13) remove your macarons whenever the oven and you decide they are done. let them cool in the pan for just a few minutes, then move the whole sheets of parchment to a cooling rack. when cool, you should be able to remove the macs with the greatest of ease. if not, whoops!
14) pipe whatever filling you have prepared, whether it's ganache, earth balance icing, or whatever non-drippy filling you want. they key is to keep the filling dry, as excess moisture will dissolve your macarons that you worked hard to make. a simple ganache with chocolate chips and boiling cashew cream is a great start. make sure you let that ganache mature for a day before you make your macs.
15) carefully store your macarons in an airtight container, in the fridge. the cookie part gets stale FAST! they should keep for a few days, maybe a week. if longer than that, freeze them.
a few notes:
- liquid food colorings and flavorings have alcohol or glycerin in them, and are thus useless to us. alcohol monkeys with the versawhip, and glycerin is animal bones! powdered colors and flavors are your new best macaron friend.
- you may want to dry out your almond meal if you ground it yrself. put it in a warm oven, 250-300F max, for like, 10-20 minutes. i usually roll the bones and hope the starch in the sugar absorbs the moisture. i like to prep my stuff a day in advance, otherwise it can all get overwhelming.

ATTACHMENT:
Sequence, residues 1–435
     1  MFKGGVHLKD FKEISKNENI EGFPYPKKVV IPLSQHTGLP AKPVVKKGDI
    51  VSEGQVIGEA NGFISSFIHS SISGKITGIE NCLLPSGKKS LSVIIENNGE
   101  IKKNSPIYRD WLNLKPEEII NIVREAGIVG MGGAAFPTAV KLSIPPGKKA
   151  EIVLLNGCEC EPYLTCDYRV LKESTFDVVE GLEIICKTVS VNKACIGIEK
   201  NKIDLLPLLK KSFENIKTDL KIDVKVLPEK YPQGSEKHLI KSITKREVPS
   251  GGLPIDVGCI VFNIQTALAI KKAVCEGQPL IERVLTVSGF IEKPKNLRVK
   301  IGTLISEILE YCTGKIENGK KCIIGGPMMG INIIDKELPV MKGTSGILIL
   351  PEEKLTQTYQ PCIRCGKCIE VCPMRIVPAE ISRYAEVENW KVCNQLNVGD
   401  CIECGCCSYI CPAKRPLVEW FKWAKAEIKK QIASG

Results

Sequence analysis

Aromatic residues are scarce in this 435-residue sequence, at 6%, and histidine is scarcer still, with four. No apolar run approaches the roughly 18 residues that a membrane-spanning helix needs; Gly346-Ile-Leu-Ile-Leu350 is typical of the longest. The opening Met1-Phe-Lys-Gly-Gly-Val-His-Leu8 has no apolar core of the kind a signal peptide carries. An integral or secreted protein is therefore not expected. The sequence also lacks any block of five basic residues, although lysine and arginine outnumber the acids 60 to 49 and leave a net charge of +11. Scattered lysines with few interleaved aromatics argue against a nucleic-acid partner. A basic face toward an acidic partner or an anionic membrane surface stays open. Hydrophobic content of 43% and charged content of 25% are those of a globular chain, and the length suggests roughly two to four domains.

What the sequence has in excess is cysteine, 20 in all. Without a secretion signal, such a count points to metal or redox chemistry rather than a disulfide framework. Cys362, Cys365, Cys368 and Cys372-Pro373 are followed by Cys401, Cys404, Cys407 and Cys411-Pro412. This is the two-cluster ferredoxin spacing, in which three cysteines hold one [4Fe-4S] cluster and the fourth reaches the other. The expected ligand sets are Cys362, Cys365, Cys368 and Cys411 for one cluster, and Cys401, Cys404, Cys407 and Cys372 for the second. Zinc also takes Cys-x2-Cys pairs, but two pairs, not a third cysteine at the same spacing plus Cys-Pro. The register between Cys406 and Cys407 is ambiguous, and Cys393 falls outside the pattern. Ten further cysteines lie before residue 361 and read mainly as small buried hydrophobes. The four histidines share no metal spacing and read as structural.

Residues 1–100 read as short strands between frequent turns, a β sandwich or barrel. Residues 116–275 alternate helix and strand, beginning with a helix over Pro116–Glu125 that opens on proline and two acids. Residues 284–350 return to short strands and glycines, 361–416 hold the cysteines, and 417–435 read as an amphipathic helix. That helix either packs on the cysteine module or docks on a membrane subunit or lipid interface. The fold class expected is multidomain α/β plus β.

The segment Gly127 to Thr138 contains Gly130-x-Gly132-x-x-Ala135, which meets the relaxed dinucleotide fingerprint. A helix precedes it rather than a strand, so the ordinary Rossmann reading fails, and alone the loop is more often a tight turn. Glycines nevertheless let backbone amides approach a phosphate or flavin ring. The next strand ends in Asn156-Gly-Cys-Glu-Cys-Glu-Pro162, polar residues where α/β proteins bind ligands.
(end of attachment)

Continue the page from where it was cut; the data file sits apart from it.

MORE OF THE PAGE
- some ovens (like mine) have strong bottom heat. by that, i mean their heat source is from the bottom, and that can play hell with your macs. i double or triple stack the cookie sheets to abate this. i am testing the airbake insulated sheets i just got, so i will let you know.
- finally, it took me 2+ months to get this recipe, and a LOT of hard work. and a SUPER LOT of failures. likewise, count on failing a lot. versawhip can be tough to work with, as its' strengths can also be weaknesses. it's cool, just relax, practice makes perfect. i've heard of the sweetest people in the world flipping out and cursing like Pazazu from the Exorcist, all over a cookie! supposedly macarons are the holy grail of vegan baking. insert your favorite holy grail story or movie reference here. if you are lucky (and annoying) enough to get this right and right away, good for you. just keep it to yourself, okay? some of us had to work for success.
if you have troubles, post them here, i MAY be able to help. but definitely check out Miss Not-So-Humble Pie's macaron troubleshooting page:
this page has been open in my browser for 3 months straight. she knows her stuff, and most of the info pertains to vegan macarons, too. ignore the egg parts, if squeamish.